Farmington Hills biz offers CARES $10K matching grant

Those who donate to CARES of Farmington Hills in the coming months will see their contributions matched up to $10,000, thanks to Farmington Hills-based RF Connect.

Business owner Leonard Kruszewski offered the grant to redo the boiler room in the former church that now houses the nonprofit. CARES provides a food pantry, Bridge card market, and other services to families in need throughout Farmington, Farmington Hills, and surrounding communities.

CARES of Farmington Hills

Since the COVID-19 pandemic hit this area in March, CARES has served as many as 1,200 families each month with a drive-up pantry. Families leave with 150-175 pounds of food to get them through the month.

Director Todd Lipa said packing boxes with food that guests may or may not want is less efficient, and everyone at CARES looks forward to opening the doors again. Typically, guests fill their shopping carts only with items they know their families will enjoy.

Heating and cooling

Kruszewski first stepped up with a matching grant last year, when the building’s heating and cooling system needed work. The former Servant Church of St. Alexander building was near the end of its life when CARES took over, Lipa said.

“His $5,000 went to almost $70,000 in two and a half months,” he explained. “We got the entire HVAC redone, and that was a blessing, because at the end of last winter, we were really nursing the boiler along.”

The grant will finish off that work and install a fresh-air handling system that will make the building healthier for everyone, Lipa said. Few people have been inside, but more are expected with the recent opening of Busch’s CARES Market.

Kruszewski said he was introduced to Lipa through CARES board member and Farmington Hills city council member Ken Massey. Kruszewski’s former business partner, the late George Riley, was a well known local philanthropist.

“I feel like I am carrying on his legacy,” he said.

Having served on nonprofit boards for the Botsford Foundation in Farmington Hills and Detroit Public Television, Kruszewski said he knows a matching grant program can inspire people to rally around a specific goal.

“I have a faith-based background and how CARES has transformed that church for the community has been a great thing to see,” he said. “It has a mission that inspired me to get involved and help where I can.”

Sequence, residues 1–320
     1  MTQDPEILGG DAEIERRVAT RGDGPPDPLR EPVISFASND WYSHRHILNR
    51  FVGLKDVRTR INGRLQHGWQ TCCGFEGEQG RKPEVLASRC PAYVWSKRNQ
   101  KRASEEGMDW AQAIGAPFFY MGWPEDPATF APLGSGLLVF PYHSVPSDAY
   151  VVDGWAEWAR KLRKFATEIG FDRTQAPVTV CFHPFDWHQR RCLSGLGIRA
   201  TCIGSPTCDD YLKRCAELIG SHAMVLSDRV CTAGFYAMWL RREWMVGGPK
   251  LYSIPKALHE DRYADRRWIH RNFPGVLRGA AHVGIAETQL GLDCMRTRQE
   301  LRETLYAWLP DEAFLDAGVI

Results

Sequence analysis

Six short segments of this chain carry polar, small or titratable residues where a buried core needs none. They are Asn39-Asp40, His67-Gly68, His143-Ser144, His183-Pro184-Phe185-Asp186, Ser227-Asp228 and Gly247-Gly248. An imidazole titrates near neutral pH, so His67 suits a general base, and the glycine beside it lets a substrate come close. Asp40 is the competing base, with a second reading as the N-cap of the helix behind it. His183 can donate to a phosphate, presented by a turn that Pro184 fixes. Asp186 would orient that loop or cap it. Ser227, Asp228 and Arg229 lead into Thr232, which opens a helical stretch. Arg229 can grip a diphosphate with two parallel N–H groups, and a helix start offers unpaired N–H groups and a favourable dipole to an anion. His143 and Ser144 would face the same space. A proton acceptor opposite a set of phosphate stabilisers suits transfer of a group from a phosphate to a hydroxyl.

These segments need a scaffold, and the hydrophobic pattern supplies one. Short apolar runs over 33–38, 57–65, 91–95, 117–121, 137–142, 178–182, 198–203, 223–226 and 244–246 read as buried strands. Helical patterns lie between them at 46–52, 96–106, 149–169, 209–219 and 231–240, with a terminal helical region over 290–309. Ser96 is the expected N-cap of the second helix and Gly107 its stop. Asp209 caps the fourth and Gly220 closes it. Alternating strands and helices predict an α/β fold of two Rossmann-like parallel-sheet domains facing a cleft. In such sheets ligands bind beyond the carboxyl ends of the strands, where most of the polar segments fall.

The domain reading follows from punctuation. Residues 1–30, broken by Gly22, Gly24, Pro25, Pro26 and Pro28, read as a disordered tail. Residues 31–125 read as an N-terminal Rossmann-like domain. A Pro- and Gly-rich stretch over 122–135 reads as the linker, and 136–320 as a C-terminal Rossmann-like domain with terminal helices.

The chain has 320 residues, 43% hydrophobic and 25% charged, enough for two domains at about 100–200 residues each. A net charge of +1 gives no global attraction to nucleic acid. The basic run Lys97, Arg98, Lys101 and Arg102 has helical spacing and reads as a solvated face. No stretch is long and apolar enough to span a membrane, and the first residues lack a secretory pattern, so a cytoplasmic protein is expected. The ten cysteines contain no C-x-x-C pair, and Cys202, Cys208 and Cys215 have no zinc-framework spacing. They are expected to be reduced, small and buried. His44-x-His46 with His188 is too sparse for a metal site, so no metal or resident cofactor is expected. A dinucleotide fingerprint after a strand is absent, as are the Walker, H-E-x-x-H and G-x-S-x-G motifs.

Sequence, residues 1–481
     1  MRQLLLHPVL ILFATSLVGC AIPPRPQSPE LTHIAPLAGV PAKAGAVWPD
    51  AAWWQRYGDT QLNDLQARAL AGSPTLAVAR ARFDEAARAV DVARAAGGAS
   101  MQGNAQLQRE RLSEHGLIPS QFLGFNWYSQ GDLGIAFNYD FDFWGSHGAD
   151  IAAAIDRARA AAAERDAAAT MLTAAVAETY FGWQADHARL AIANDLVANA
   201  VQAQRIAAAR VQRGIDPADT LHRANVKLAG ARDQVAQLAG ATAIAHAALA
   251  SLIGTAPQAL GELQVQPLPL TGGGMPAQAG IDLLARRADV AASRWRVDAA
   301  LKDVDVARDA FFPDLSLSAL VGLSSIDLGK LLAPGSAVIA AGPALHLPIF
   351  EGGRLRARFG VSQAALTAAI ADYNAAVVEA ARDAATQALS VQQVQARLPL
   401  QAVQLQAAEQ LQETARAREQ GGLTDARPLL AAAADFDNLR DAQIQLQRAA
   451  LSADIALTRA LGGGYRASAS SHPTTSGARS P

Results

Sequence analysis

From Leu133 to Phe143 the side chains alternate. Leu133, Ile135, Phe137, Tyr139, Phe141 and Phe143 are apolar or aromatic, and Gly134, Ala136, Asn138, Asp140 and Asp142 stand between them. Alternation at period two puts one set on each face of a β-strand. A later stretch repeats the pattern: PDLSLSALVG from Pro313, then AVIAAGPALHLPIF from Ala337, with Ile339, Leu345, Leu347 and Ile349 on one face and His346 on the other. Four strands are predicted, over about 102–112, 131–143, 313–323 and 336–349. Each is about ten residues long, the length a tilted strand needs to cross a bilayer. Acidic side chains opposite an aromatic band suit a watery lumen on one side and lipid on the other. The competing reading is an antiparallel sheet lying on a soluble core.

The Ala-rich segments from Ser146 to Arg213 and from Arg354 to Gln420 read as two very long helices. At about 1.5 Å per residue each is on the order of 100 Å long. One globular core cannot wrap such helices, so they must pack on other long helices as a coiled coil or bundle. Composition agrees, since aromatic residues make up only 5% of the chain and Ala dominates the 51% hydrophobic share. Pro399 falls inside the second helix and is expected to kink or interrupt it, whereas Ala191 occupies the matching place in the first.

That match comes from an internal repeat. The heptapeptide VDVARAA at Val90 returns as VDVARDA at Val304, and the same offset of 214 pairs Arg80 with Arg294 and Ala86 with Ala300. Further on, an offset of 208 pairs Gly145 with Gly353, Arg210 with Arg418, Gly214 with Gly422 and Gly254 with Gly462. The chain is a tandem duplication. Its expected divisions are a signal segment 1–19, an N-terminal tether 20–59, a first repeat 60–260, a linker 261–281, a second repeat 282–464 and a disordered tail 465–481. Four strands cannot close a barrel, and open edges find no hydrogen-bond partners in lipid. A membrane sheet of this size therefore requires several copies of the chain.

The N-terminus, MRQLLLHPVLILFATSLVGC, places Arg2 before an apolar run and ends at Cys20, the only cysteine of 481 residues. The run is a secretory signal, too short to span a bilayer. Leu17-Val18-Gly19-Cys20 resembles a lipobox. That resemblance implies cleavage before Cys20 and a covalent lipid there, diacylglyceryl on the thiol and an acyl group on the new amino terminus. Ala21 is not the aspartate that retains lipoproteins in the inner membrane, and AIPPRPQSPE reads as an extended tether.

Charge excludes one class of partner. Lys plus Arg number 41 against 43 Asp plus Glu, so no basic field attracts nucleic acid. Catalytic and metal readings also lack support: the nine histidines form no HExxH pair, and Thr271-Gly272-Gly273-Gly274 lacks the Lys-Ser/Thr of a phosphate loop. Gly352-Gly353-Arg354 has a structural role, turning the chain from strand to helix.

Bell Forklift
Bell Forklift donated a pallet jack to CARES. (CARES of Farmington Hills)

Partnerships support CARES

Lipa said CARES has other building needs, with replacement doors for a handicapped accessible entrance and roof repairs at the top of the list. The nonprofit has partnered with a number of local businesses on improvements over the past several months:

  • Z Painting, in partnership with Sherwin Williams, will paint the market and pantry inside and out, and  the rectory exterior.
  • Paulson’s Audio and Visual is working with manufacturers to supply security cameras on the property.
  • RCI Electrical helped bring the building up to code with new lighting, outlets, and plugs.
  • Bell Fork Lift donated a Toyota walkie pallet jack and worked with CARES on the purchase of a walkie stacker to more easily move pallets of goods.
  • TrueCut Tree Service cleared branches from wires and trimmed trees around the CARES campus.
  • Bricco Excavating and Piedmont Concrete helped remedy drainage issues on the property.
  • A partnership with AIMS Construction, Barton Mallow, Beaumont Hospital, and T&M Asphalt Paving resulted in parking lot improvements.
  • Jeff’s Concrete made sidewalks on the property safer.
  • Corrigan Cube, Penske Truck Rental, and Waste Management all assisted with the conversion of clothing closet space to the new Busch’s CARES Market.
  • Two Men and a Truck of Farmington Hills pitches in as needed to transport larger food donations.
  • Sysco provided a refrigerated truck and fuel, along with about 30,000 pounds of food, to help CARES meet increased needs during the COVID-19 pandemic. 

“We’ve been blessed because of the number of partners who believe in what we’re doing,” Lipa said.

The nonprofit’s largest goal, he added, is to pay off the property, which was purchased through several backers who covered the $500,000 purchase in 2017. Having that done will not only lift a financial burden.

“Then all of us will know this will be open for a long time to come,” Lipa said.

To donate and learn more about CARES, visit

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